Not all students are partying hard having the time of their life. Many feel lonely and homesick – especially in the first few weeks of term. Here's what to do if you just want to go home.
I’m really homesick, what should I do?
The important thing to remember is that feeling homesick is totally normal; it doesn’t make you weak. Lots of people struggle when their support network is whipped away from them, but there’s stuff you can do to feel better.
Talk to someone. If you haven’t yet made friends then talk a tutor, supervisor, chaplain, nurse or counsellor about how you’re feeling. Don’t suffer alone.
Decide how much contact with home works for you. Keep in contact, but make a real effort to make new friends at uni, too. Decide whether the best policy for you is to have frequent contact with home (because contact makes you feel better), or little contact (because contact makes you feel worse). Think carefully about whether or not to go home at weekends. Some students find it helps to ease the transition; others find the constant readjustment makes them feel worse.
Make a real effort to join societies and clubs… and to make at least one or two friends. There’s usually loads happening at universities, and the Freshers’ Fair could be a good place to find out what’s on. Going to a first meeting may be daunting, but the more you feel part of campus life, the less homesick you’ll feel.
Get a work/fun balance. You’re NOT expected to work ALL the time. On the other hand, if you don’t put in enough time on work, you can very quickly get behind, which only adds to the stresses.
Establish a routine as soon as possible. The fuller your days are, the less time you will have to feel homesick or lonely.
Give yourself time to adjust. You don’t have to get everything right straight away. Nor do you have to rush into making major decisions about staying or leaving.
What is homesickness?
It’s not an actual illness as such, but you may notice an increase in:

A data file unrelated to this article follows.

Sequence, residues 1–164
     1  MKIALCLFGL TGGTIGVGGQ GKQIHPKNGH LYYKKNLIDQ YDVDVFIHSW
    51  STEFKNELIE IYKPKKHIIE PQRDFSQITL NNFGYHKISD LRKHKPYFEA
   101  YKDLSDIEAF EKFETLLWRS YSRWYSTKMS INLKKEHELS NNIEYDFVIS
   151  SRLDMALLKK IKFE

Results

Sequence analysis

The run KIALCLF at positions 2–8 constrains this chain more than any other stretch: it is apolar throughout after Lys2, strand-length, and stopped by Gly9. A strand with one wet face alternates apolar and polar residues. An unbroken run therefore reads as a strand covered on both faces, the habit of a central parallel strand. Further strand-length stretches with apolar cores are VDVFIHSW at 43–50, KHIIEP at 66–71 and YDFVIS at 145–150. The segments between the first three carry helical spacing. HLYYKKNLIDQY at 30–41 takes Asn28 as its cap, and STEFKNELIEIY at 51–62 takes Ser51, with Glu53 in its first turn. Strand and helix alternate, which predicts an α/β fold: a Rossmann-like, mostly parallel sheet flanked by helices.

o Depressed feelings
o Obsessive thoughts
These can come with physical symptoms, such as a nervy tummy, increased heartbeat, breathlessness, feeling nauseous and temporary insomnia.
Why do I feel this way?
There are several reasons for feeling this blue at the start of what should be the most exciting time of your life. These can include:
o The distance from home – the further you go, the worse it may be
o A sense of anticlimax – you’ve finally arrived at university after working towards it for so long
o Unhappiness when things are different to your expectations
o A heavy workload
It can be a struggle to adapt to a brand new life, and often those who are homesick feel they have no control over their new environment.
Suddenly, instead of being a central person in a small unit with plenty of peripheral activities and friends you’ve become an anonymous member of a 5000+ community where you don’t know anyone. You may feel shaken and lonely and long for the secure and the familiar. Sometimes these emotions are completely overwhelming. Tasks that would normally have been easy can suddenly seem quite a challenge – even impossible – without your usual framework of support.
What if my homesickness doesn’t get better?
If quite a bit of time has passed and you’ve tried all of the above but still feel rotten, ask yourself if the course, university and/or the time is right for you?
You can always take another direction or delay uni for another year – it doesn’t make you a failure. Those who do leave mostly find another course or university with which they are happy – perhaps after taking a year out. Talk to your tutor, a careers advisor and your LEA before making any drastic decisions.
If it’s beginning to take over your life and you stop functioning on a social and academic level, seek professional help either from your doctor (GP) or the student counselling service.
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Updated on 29-Sep-2015
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